Differences between movement frequency and metronome frequency and standard deviations for each device are displayed in Fig. 4. On the basis of measurements obtained from the Vicon, participants were unable to match their movement frequency to the highest metronome frequency. A three-factor Hand (2) × Pattern (2) × Frequency (8) repeated measures ANOVA revealed a significant Pattern × Frequency interaction [F(7, 736) = 16.89, p < .0001]. Post hoc tests revealed that participants were moving faster than the metronome at intermediate frequencies for the in-phase pattern [1.25 Hz: t(0.995, 736) = 2.62, d = 0.10; 1.43 Hz: t(0.995, 736) = 3.04, d = 0.11; 1.67 Hz: t(0.995, 736) = 2.99, d = 0.11]. Movement frequencies lower than prescribed were observed at the highest frequency (3.33 Hz) for the in- and antiphase patterns [0°: t(0.995, 736) = –5.95, d = 0.22; 180°: t(0.995, 736) = –23.01, d = 0.85]. Deviations ± standard deviations from the metronome frequency at 3.33 Hz for the in- and antiphase patterns were –0.11 ± 0.25 Hz and –0.43 ± 0.30 Hz, respectively. Given that the antiphase pattern is inherently unstable at high movement frequencies, our instructions to maintain the antiphase coordination may have forced participants to reduce movement frequency to meet the task demands.
Fig. 4

Mean differences between movement and metronome frequencies and standard deviations (error bars). Movement frequency was assessed for each hand and device independently. Negative values imply movements slower than the prescribed frequency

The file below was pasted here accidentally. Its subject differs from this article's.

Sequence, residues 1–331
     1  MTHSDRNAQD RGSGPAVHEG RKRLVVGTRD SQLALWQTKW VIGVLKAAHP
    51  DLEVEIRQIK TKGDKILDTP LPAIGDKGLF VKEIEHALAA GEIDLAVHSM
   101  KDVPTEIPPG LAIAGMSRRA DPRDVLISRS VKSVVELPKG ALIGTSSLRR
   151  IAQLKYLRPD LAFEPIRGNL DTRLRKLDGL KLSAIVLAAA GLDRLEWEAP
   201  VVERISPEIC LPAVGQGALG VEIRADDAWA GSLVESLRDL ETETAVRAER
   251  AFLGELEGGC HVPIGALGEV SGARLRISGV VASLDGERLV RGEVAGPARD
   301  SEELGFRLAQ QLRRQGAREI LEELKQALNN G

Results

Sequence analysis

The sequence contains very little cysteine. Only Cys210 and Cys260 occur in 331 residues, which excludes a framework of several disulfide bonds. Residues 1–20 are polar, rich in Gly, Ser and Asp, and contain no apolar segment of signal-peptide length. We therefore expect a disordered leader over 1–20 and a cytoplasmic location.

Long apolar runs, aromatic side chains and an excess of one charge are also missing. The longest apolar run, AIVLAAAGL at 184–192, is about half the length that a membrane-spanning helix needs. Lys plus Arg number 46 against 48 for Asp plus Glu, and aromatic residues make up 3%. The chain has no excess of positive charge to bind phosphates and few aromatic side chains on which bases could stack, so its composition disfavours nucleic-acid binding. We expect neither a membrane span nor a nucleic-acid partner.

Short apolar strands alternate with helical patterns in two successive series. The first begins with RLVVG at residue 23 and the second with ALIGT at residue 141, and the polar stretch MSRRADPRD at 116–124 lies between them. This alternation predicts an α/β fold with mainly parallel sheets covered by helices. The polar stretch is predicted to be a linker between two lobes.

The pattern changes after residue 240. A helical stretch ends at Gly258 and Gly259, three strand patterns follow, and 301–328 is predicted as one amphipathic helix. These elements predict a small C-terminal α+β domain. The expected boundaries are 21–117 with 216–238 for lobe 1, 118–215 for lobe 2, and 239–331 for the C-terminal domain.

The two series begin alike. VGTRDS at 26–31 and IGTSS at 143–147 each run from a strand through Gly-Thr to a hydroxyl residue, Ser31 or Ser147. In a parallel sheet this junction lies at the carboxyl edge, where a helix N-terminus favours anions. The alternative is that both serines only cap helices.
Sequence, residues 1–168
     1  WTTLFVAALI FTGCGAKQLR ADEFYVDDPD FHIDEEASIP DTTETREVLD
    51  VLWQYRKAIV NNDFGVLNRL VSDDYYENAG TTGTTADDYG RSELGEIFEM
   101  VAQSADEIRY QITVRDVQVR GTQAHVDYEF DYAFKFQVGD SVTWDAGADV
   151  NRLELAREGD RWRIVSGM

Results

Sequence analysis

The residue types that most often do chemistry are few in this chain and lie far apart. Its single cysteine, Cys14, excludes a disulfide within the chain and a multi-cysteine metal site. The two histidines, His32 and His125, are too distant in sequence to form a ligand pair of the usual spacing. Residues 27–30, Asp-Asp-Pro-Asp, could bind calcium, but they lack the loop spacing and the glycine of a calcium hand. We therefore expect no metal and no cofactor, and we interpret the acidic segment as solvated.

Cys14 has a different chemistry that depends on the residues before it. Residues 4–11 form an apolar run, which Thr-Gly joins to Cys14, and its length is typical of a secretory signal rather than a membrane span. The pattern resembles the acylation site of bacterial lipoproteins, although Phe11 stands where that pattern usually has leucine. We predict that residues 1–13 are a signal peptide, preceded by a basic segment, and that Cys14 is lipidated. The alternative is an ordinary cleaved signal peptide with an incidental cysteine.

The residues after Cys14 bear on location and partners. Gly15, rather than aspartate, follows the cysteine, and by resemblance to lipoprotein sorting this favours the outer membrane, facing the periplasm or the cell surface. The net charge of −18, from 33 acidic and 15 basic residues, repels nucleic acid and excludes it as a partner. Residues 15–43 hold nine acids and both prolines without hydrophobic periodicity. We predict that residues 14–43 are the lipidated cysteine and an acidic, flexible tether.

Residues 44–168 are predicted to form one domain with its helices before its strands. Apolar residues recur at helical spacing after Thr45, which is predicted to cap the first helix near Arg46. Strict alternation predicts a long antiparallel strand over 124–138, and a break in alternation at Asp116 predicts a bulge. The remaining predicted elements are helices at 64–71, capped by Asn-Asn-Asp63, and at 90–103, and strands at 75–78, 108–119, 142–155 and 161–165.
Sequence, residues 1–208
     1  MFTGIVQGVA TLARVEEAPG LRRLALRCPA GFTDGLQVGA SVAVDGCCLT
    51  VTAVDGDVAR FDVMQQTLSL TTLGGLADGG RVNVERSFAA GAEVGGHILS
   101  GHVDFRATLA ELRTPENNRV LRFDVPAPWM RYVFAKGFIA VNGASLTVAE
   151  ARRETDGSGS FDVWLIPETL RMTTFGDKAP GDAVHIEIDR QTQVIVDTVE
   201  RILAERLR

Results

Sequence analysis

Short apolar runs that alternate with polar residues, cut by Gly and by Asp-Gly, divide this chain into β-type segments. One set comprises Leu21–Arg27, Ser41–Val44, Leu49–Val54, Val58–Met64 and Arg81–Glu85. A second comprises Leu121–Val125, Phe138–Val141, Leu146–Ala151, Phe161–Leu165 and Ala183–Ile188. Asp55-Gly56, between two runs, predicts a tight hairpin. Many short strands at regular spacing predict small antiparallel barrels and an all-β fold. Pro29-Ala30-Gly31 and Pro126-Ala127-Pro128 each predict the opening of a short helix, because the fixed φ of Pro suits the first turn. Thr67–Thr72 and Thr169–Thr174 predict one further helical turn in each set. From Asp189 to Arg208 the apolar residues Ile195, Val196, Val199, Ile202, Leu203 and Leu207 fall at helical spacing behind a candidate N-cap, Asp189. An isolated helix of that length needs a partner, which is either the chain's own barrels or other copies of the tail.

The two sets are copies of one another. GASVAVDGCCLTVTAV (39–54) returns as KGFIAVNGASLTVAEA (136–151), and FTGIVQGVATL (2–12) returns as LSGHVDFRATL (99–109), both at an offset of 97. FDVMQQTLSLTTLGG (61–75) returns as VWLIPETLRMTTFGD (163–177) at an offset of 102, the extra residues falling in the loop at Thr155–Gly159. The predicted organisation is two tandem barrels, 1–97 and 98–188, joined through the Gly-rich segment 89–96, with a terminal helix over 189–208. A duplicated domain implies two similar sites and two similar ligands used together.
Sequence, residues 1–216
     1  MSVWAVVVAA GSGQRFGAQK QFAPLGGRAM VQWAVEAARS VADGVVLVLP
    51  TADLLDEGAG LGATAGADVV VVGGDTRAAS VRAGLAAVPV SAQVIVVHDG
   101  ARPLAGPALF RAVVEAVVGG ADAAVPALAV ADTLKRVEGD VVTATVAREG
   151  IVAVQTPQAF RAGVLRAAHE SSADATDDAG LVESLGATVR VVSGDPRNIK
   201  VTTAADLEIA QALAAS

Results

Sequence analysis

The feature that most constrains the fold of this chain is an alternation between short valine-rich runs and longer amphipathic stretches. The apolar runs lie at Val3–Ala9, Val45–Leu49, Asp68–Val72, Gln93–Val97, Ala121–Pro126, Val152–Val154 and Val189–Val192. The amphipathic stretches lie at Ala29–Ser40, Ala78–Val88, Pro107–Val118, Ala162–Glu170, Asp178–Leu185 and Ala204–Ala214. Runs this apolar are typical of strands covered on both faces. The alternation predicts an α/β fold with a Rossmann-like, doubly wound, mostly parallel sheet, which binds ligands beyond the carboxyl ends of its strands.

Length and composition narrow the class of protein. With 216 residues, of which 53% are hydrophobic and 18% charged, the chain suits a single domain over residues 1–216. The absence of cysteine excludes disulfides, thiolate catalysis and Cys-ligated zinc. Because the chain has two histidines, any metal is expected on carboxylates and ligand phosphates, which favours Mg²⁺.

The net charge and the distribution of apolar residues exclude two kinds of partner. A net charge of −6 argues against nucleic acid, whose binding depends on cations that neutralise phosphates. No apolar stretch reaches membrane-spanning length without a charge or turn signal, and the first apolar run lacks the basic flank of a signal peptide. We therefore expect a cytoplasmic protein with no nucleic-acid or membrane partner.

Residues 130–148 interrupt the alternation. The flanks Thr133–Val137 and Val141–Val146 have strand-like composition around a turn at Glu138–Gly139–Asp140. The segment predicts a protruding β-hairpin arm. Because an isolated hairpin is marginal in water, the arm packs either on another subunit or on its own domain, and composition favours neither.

Bias and 95 % LoA and measures of agreement (r c and r) for movement frequency are presented in Tables 2 and 3, respectively. Overall, near-zero biases (range: –0.04 to 0.01 Hz) were observed for both patterns at all but the highest frequency (3.33 Hz). At 3.33 Hz, the Kinect underestimated movement frequency relative to the Vicon (range: –0.21 to –0.05 Hz). LoA grew as the metronome frequency increased (range: 0.04 to 1.65 Hz), suggesting that the variability of between-device differences increases as movement speed increased. The LoA were large at the highest movement frequency for in-phase coordination, due to the fact that a single participant consistently failed to increase the movement frequency from 2.50 to 3.33 Hz. Small biases and narrow LoA are reflected in the modest-to-excellent absolute and relative agreements (r c and r > .90) for the in-phase pattern at low to intermediate movement frequencies (i.e., 1.00–2.00 Hz) (Table 3). Absolute and relative agreement were reduced at the two highest movement frequencies for the in-phase pattern, particularly for the left hand (r c and r range: .20–.52). For the antiphase pattern, r c and r were greater than .90 for all but the lowest frequency for the right hand, and greater than .75 for all frequencies besides 2.00 Hz for the left hand. The observation that participants were moving more slowly than prescribed during the highest frequencies for the antiphase pattern may explain the disparity between the measures of agreement for the in- and antiphase patterns.